Paulo dos Santos’s Speech at the Dunoon School Education Device Donation Event.
March 11, 2019

With the outbreak of Covid-19 worldwide, schools have been shut down and students are forced to learn from home. This spontaneous solution has been easily adopted by first world countries however in South Africa, it will be impossible to implement which will see South African students going for several weeks at home without attending classes, which will result in a lot of pressure for both teachers and students trying to catch up with school work once schools reopen after the pandemic.
Distance learning works in countries with good infrastructure and are technologically advanced with a working internet, students and teachers need to have devices, however devices without classroom management software will not work. Classroom management software is the digitalised traditional classroom management which refers to a wide variety of skills and techniques that teachers use to ensure that their classroom runs smoothly, without disruptive behaviour from students. Classroom management software has to be installed in all e-learning devices resulting in a highly organised e-learning classroom. Good classroom management (software) produces an academically productive classroom with focused, attentive, and on-task students.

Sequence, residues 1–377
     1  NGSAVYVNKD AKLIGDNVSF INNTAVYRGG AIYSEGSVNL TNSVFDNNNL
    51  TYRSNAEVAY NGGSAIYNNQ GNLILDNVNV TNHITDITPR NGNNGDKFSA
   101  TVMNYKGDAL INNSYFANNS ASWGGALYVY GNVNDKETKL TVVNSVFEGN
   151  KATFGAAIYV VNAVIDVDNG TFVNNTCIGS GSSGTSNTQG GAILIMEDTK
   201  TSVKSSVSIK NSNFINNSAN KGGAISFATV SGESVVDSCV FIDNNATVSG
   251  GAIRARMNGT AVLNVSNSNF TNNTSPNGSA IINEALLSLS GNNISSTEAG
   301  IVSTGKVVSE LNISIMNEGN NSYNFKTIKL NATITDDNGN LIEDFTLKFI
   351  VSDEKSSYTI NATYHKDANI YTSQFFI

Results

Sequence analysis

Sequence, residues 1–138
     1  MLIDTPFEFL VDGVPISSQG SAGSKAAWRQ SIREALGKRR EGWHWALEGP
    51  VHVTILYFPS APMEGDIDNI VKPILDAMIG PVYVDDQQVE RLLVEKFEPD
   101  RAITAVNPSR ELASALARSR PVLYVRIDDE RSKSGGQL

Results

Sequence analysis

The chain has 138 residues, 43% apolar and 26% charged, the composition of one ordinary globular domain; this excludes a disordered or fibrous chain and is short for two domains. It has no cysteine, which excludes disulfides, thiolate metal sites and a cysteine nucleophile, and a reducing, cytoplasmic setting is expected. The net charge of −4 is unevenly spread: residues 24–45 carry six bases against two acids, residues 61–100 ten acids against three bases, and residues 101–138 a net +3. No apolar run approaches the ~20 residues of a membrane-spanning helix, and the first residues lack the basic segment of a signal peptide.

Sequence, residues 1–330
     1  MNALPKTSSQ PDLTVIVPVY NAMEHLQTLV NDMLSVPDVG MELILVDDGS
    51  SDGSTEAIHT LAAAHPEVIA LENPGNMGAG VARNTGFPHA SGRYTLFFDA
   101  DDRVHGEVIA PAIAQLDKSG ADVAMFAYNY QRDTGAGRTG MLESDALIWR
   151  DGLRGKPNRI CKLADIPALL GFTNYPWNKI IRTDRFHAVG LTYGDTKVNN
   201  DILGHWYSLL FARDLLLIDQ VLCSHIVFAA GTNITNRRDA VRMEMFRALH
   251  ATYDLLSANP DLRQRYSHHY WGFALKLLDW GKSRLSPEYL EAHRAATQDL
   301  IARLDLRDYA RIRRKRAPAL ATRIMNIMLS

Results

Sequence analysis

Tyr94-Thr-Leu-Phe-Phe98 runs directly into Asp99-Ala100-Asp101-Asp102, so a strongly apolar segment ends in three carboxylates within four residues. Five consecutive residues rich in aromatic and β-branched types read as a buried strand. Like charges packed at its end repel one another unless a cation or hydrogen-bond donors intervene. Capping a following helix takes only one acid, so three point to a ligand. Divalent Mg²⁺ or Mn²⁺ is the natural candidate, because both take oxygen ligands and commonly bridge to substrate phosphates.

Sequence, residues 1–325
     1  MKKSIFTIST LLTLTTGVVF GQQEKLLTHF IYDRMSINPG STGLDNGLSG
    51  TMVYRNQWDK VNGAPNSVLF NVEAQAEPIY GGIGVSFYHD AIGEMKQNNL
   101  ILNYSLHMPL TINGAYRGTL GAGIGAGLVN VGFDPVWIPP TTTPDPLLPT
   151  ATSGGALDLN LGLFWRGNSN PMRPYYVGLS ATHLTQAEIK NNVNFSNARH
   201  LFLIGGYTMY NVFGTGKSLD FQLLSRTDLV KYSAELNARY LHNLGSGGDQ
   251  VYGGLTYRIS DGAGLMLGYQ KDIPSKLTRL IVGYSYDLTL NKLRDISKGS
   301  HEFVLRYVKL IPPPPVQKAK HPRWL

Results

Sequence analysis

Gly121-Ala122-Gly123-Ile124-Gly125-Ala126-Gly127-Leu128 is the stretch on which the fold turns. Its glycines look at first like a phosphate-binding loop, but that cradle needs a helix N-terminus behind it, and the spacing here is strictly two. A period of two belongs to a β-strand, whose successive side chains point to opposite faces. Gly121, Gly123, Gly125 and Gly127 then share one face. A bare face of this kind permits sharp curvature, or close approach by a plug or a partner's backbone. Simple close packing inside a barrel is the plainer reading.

Classroom Management software facilitates the smooth flowing of an e-classroom. The teacher loads a lesson, students access the lesson online and interact with both their teacher and other students, while the teacher monitors their work, class activities are shared in real-time. Teachers can check attendance, schoolwork is submitted online, teachers mark work and share it back with their students, class schedules are available and late comers(late logins) are detected. Effective classroom management software is an absolute must when it comes to efficient e-learning.
Unfortunately, South Africa has not transformed the education system yet to accommodate pandemics like the Covid-19. Only 17.3% households in metropolitan areas and 1.7% in rural areas in South Africa have access to the internet according to Stats SA 2019 report. Less than 5% of South Africa students have their own devices and 25% of South African students have access to a computer at school or at home. “Only 26% of teachers have basic ICT skills, and only 7% have intermediate skills in using ICTs for teaching and learning,” according to the department of basic education, Michael Goodman. Digital education requires adequately trained teachers, students with devices and internet connection.
The implementation of distance learning in South Africa with the coronavirus still spreading is inevitable, however due to a lot of structural and infrastructural challenges distance learning might happen in a different and conservative way. At this very moment South Africa cannot support 21st century distance learning. A total transformation of the education system has to take place before the country can implement and execute distance learning effectively.

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